Disturbance-dependent species are assumed to benefit from forestry practices that mimic the appearance of postdisturbance landscapes. However, human activities that closely mimic the appearance but not the fundamental quality of natural habitats could attract animals to settle whether or not these habitats are suitable for their survival or reproduction. We examined habitat selection behavior and nest success of Olive-sided Flycatchers (Contopus cooperi) in a naturally occurring burned forest and an anthropogenically created habitat type-selectively harvested forest. Olive-sided Flycatcher density and nestling provisioning rates were greater in the selectively harvested landscape, whereas estimated nest success in selectively harvested forest was roughly half that found in naturally burned forest. Reduced nest success was probably a result of the relatively high abundance of nest predators found in the artificially disturbed forest. These results are consistent with the hypothesis that selectively harvested forest can act as an "ecological trap" by attracting Olive-sided Flycatchers to a relatively poor-quality habitat type. This highlights the importance of considering animal behavior in biodiversity conservation.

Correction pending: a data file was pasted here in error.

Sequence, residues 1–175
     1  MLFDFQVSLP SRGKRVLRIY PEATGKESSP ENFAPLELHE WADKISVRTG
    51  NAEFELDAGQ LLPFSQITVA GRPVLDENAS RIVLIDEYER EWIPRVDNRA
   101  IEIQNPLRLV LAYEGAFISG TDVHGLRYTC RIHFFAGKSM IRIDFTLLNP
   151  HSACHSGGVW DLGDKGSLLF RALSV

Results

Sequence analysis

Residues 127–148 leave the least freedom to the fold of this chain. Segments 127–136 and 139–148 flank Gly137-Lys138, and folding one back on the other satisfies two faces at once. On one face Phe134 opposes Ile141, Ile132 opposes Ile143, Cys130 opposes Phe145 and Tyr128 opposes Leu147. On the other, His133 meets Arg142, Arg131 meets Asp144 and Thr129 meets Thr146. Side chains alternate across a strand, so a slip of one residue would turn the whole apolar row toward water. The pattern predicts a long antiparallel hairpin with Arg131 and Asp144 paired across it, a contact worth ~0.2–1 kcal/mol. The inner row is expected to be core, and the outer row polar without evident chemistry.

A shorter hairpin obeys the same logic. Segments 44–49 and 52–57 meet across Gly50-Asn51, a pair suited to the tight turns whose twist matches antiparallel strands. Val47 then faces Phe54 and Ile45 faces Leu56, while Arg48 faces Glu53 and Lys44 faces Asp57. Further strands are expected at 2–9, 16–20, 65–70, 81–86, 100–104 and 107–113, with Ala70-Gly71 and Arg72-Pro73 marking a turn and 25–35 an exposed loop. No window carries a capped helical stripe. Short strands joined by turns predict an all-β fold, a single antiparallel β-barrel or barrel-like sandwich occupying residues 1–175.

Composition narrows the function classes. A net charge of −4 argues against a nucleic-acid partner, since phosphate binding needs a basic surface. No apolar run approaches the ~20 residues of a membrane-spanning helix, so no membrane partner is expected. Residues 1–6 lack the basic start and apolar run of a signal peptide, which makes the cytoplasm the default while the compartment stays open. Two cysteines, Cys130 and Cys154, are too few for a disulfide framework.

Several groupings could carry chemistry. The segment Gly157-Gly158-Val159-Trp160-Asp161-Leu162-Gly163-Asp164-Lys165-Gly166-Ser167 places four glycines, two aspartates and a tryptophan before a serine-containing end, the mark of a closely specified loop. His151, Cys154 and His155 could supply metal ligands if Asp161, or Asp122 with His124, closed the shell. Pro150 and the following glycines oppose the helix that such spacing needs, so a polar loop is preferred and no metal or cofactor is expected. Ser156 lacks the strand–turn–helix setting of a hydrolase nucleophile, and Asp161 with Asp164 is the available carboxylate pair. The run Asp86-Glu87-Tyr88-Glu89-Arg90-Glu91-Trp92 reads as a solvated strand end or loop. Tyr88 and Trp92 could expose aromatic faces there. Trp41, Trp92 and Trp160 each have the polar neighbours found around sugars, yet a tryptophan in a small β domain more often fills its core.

© 2007, University Of California Press. View original published article in JSTOR.